Context

Poor oral health can affect people's ability to eat, speak and socialise (Dental quality and outcomes framework Department of Health). Tooth decay and gum disease are the most common UK dental problems, but are largely preventable (Levine and Stillman-Lowe 2009[1]). They can be painful, expensive and seriously damage health if not treated ('Dental quality and outcomes framework'). Oral cancer is rapidly increasing and half of new cases are in people aged 65 and over (Oral cancer – UK incidence statistics Cancer Research UK).

Age UK estimates 431,500 people live in care homes, approximately 414,000 of whom are over 65. Some younger adults also live in residential care because their physical or mental health prevents them from living independently. The Age UK figures imply there are 17,500 younger adults in care homes, but other data estimate they may be home to around 30,000 younger adults with learning disabilities (Emerson et al. 2013[2]).

The Alzheimer's Society estimates 80% of residents have dementia or severe memory problems (Low expectations).

Research with adults in care homes with moderate to severe dementia has reported poor oral health (Preston 2006[3]). A 2012 British Dental Association survey (Dentistry in care homes research – UK) found inconsistent oral health care in care homes. It found many residents had oral health problems but staff were reluctant to help and lacked training. Care staff showed little understanding about the importance of oral health or its relationship with general health and a range of risk factors (for example, mouth cancer, cardiovascular disease, aspiration pneumonia). Poor oral health (leading to pain or infection) can also precipitate crises in people with dementia.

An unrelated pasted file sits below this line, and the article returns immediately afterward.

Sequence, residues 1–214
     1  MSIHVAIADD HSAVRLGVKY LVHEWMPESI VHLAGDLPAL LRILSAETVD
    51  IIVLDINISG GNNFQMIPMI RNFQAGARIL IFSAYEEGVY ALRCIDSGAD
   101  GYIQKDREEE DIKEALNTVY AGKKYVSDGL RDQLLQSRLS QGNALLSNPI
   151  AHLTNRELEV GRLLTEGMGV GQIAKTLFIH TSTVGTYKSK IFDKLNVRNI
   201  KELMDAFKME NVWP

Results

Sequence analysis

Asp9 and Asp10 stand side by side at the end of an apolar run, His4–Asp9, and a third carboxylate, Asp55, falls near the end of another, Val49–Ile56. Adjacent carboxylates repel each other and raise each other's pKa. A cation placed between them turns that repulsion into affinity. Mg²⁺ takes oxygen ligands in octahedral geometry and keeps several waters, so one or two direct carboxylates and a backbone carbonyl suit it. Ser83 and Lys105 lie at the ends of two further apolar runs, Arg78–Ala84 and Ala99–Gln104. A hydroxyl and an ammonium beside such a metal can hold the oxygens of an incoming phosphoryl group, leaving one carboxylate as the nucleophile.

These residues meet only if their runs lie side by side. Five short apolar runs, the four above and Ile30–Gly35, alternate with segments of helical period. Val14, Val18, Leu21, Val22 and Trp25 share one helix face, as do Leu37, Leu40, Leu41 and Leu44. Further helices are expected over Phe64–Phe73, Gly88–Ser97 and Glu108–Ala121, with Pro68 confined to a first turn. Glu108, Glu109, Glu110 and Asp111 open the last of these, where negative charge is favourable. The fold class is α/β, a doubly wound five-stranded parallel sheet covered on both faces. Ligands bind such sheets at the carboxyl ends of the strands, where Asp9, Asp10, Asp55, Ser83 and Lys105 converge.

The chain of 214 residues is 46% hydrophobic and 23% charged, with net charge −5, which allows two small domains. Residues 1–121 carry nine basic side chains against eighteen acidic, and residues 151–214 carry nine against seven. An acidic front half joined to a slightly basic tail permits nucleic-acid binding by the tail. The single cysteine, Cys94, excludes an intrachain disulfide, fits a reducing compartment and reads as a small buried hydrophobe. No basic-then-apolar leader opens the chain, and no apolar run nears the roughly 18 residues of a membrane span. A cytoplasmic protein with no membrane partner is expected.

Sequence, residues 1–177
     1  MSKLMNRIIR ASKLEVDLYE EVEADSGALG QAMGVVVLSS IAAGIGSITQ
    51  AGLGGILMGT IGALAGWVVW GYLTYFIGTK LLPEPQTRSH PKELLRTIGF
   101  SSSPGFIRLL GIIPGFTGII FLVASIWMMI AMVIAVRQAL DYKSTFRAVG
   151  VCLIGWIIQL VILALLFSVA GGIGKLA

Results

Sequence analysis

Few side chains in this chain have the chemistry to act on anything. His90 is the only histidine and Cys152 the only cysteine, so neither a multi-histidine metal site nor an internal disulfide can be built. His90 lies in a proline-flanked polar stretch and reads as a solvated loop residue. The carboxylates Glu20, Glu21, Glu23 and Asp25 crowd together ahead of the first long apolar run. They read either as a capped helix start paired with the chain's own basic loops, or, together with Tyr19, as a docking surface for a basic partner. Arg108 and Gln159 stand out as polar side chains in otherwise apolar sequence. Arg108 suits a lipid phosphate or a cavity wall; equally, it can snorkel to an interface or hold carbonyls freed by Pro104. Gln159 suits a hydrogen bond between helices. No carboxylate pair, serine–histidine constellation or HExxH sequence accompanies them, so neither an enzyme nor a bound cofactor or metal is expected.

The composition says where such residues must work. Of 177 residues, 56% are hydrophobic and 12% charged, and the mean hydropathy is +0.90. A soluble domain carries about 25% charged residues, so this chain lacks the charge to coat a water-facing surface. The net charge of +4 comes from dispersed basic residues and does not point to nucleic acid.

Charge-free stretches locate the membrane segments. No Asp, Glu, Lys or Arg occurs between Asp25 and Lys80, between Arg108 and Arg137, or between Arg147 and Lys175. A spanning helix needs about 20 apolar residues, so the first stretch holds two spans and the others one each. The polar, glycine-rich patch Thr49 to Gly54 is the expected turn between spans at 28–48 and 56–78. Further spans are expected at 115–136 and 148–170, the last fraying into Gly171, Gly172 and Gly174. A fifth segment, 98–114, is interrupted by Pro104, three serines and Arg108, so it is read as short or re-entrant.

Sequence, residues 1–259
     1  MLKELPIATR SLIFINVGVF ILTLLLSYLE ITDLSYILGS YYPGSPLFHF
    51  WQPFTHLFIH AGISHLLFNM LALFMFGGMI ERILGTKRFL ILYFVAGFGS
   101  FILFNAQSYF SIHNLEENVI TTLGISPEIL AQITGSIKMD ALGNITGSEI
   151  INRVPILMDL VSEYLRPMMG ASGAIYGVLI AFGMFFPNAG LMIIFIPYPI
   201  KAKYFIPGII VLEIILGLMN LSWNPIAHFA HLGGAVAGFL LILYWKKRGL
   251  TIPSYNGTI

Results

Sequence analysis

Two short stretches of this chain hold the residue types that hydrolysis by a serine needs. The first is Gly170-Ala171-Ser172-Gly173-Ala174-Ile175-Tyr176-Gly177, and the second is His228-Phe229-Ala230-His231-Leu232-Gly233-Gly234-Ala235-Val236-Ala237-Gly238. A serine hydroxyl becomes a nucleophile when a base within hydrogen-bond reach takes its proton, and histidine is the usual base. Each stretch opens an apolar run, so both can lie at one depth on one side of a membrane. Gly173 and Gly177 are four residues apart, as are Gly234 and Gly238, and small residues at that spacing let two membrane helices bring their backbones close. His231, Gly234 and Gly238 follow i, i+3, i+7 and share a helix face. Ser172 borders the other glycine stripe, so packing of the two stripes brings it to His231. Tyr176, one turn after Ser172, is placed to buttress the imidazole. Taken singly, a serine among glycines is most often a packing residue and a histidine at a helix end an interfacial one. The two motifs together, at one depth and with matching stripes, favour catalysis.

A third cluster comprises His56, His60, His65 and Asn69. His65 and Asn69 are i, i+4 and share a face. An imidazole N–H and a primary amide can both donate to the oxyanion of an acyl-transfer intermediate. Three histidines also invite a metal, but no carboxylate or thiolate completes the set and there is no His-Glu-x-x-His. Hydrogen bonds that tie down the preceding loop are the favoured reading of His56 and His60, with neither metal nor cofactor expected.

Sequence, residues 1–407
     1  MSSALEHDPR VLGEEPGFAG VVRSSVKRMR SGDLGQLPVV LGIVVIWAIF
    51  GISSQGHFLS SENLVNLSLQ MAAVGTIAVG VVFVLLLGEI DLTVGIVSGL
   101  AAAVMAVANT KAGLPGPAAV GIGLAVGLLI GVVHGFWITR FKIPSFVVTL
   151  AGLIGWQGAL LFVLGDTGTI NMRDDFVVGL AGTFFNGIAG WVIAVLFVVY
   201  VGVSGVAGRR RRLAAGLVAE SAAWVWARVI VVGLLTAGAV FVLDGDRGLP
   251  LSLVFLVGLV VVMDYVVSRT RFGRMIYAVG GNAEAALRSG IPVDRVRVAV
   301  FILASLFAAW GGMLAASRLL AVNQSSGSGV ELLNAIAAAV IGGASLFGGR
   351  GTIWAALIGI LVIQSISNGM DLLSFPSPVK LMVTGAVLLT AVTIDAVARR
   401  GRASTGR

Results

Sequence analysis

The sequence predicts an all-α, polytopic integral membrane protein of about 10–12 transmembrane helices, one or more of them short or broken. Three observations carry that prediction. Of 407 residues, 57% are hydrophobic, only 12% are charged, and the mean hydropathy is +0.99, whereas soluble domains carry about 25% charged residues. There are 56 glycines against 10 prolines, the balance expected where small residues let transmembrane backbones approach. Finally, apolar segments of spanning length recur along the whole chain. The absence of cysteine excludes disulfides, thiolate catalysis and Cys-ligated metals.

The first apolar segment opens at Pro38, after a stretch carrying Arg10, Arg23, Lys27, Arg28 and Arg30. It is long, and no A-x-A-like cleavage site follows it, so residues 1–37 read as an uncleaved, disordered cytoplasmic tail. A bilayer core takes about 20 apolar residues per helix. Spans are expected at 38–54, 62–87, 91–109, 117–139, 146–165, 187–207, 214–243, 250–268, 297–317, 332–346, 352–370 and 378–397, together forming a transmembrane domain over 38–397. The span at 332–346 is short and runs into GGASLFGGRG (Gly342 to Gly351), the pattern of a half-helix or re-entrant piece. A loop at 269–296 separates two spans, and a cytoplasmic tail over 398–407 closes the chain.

Good quality information about oral health and dental needs in care homes is lacking. Many residents have complex oral health needs, but it is unclear how these are met. Practice varies across England. Poorly trained staff, lack of access to dental services and advice, existing oral health problems, medicines that decrease saliva, and treatments for chronic medical conditions (including dementia) make it difficult to identify and meet those needs.

More information

You can also see this guideline in the NICE pathway on oral and dental health.

To find out what NICE has said on topics related to this guideline, see our web pages on care homes and oral and dental health.

See also the evidence reviews and information about how the guideline was developed, including details of the committee.



[1] Levine RS, Stillman-Lowe CR (2009) The scientific basis of oral health education: sixth edition. London: British Dental Journal

[2] Emerson E, Hatton C, Robertson J et al. (2013) People with learning disabilities in England 2012. Learning Disabilities Observatory: Lancaster.

[3] Preston A (2006) The oral health of individuals with dementia in nursing homes. Gerodontology 23 (2): 99–105

  • National Institute for Health and Care Excellence (NICE)